# Semi-major axis from cartesian co-ordinates

## Main Question or Discussion Point

Can anyone suggest how to calculate the semi major axis of a body in an elliptical orbit when all I've got is x,y,z,vx,vy and vz?

I'm guessing I need to calculate the eccentricity too. I really suck at conversions like this. :(

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ideasrule
Homework Helper
Keplerian orbits are all two-dimensional, so you don't need to worry about z or vz; they can be defined as 0.

Take a look at http://en.wikipedia.org/wiki/Orbit#Analysis_of_orbital_motion, especially the equation at the very end. Provided you know the mass & position of the body being orbited, the semi-major axis (a) can easily be calculated.

D H
Staff Emeritus
Can anyone suggest how to calculate the semi major axis of a body in an elliptical orbit when all I've got is x,y,z,vx,vy and vz?

I'm guessing I need to calculate the eccentricity too. I really suck at conversions like this. :(
You better have at least one other thing. You need to know the body's gravitational constant, G*M, which are often combined as a single parameter μ.

Hint: How is the specific angular momentum related to the semi-major axis?
Hint: You need to calculate the eccentricity.

Keplerian orbits are all two-dimensional, so you don't need to worry about z or vz; they can be defined as 0.
No, they can't. He is given non-zero values. Ignoring them *will* yield the wrong answer.

ideasrule
Homework Helper
Yes, if you're actually given a set of positions and velocities in all dimensions, you can't ignore one of them. Ignoring z and Vz only works if you get to arbitrarily define your coordinate system, in which case you can set both to 0.

You better have at least one other thing. You need to know the body's gravitational constant, G*M, which are often combined as a single parameter μ.

Hint: How is the specific angular momentum related to the semi-major axis?
Hint: You need to calculate the eccentricity.

No, they can't. He is given non-zero values. Ignoring them *will* yield the wrong answer.
aha, so I can use:

$$\textbf{h}=\textbf{r}\times\textbf{v}$$

to find the specific angular momentum and then

$$a\left(1-e\right)=\frac{h^{2}}{GM}$$

But then how can I separate the eccentricity and semi-major axis?

D H
Staff Emeritus
But then how can I separate the eccentricity and semi-major axis?
Simple: Compute the eccentricity vector and take its magnitude. So what's this eccentricity vector thing?

$$\vec e = \frac{\vec v \times \vec h}{GM} - \frac{\vec r}{||\vec r||}$$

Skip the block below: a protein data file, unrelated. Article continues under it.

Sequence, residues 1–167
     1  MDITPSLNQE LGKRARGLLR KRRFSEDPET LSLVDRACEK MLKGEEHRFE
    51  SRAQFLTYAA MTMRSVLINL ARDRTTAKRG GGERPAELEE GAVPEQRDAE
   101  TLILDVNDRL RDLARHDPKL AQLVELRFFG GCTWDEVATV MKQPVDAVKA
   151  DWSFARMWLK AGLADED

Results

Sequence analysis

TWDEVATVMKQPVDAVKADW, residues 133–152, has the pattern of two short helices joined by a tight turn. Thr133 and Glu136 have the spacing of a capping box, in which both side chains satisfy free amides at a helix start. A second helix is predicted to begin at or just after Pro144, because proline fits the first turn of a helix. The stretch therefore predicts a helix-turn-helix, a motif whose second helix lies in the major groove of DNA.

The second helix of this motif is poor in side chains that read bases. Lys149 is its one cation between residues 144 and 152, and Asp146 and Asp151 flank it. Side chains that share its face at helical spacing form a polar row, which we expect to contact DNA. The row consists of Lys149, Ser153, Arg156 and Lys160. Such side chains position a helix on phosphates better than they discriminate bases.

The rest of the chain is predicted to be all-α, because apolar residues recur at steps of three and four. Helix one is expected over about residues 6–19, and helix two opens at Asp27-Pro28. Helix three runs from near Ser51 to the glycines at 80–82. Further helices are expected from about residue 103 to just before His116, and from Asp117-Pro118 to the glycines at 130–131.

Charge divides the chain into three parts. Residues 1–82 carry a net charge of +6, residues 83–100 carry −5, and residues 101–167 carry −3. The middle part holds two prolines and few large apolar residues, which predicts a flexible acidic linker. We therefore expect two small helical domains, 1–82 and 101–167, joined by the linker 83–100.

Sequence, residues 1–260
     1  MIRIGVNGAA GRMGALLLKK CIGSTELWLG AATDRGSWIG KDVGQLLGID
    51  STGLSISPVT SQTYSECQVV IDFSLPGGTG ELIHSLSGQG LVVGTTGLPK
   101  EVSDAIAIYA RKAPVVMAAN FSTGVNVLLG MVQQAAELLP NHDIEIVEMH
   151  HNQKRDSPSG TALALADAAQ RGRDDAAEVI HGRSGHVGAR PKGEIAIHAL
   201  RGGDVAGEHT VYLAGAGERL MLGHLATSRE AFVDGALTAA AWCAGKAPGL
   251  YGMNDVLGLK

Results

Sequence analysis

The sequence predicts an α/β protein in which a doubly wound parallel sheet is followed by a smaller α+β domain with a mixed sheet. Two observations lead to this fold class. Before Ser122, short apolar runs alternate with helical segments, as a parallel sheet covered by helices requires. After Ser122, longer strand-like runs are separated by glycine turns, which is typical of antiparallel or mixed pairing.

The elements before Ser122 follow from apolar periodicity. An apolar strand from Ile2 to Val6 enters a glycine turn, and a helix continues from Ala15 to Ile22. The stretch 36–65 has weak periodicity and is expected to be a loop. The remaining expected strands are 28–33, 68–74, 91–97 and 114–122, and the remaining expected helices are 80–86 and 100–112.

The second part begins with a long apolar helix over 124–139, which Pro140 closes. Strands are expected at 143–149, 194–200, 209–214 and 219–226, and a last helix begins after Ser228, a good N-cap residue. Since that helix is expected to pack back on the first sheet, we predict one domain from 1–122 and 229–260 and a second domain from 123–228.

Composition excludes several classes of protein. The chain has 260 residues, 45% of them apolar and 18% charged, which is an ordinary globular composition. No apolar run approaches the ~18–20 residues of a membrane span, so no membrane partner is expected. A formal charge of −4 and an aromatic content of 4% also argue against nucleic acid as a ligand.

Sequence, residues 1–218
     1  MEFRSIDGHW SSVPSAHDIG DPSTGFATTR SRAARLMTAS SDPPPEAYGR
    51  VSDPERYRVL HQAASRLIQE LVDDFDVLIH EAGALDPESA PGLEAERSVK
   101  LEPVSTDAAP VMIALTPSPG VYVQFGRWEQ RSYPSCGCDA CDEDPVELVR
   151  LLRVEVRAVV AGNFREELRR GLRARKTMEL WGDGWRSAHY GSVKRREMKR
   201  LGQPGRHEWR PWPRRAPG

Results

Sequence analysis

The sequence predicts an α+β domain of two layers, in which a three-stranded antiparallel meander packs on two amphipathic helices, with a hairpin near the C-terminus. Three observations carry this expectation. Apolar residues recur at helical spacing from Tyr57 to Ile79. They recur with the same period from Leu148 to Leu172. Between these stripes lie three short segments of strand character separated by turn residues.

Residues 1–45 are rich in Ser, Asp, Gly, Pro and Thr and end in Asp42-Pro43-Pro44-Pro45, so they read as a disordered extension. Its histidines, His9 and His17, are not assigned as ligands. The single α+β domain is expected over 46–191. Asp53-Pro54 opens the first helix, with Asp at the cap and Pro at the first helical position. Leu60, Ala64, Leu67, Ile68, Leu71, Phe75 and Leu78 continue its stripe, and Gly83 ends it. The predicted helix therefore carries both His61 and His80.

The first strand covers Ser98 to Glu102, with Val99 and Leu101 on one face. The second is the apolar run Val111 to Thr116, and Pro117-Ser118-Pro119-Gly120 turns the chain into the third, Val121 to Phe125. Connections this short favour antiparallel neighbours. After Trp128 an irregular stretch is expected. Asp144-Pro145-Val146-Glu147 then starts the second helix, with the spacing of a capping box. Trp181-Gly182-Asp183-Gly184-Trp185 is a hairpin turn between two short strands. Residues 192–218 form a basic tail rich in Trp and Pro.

Simple: Compute the eccentricity vector and take its magnitude. So what's this eccentricity vector thing?

$$\vec e = \frac{\vec v \times \vec h}{GM} - \frac{\vec r}{||\vec r||}$$
Ok, I've done that now.

One thing though, I also found the following equations which I found http://microsat.sm.bmstu.ru/e-library/Ballistics/kepler.pdf [Broken]:

$$a=\frac{GMr}{2GM-rv^{2}}$$

and

$$e=\sqrt{1-\frac{h^{2}}{GMa}}$$

I've tested both sets of equations and I get the same numbers for the eccentricity, which is good. However, I'm getting different results for the semi major axis. :(

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D H
Staff Emeritus
$$a=\frac{GMr}{2GM-rv^{2}}$$
http://photos-d.ak.fbcdn.net/hphotos-ak-snc1/hs017.snc1/4224_95107990559_95107705559_3010885_4034015_s.jpg [Broken]

The vis-viva equation, doh!

$$v^2=GM\left(\frac 2 r - \frac 1 a\right)$$

I was thinking to much of your problem in term of converting cartesian position and velocity to orbital elements (six of them). The specific angular momentum and the eccentricity vector are the keys to unlocking that puzzle. However, all you wanted was the semi-major axis. The vis-viva is the key to answering that particular problem.

I've tested both sets of equations and I get the same numbers for the eccentricity, which is good. However, I'm getting different results for the semi major axis. :(
That's because you have the relation between angular momentum wrong, here:
$$a\left(1-e\right)=\frac{h^{2}}{GM}$$
That should be

$$a(1-e^2) = \frac {h^2}{GM}$$

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DH, you are an absolute star and a lifesaver!! Thanks so much for the help!!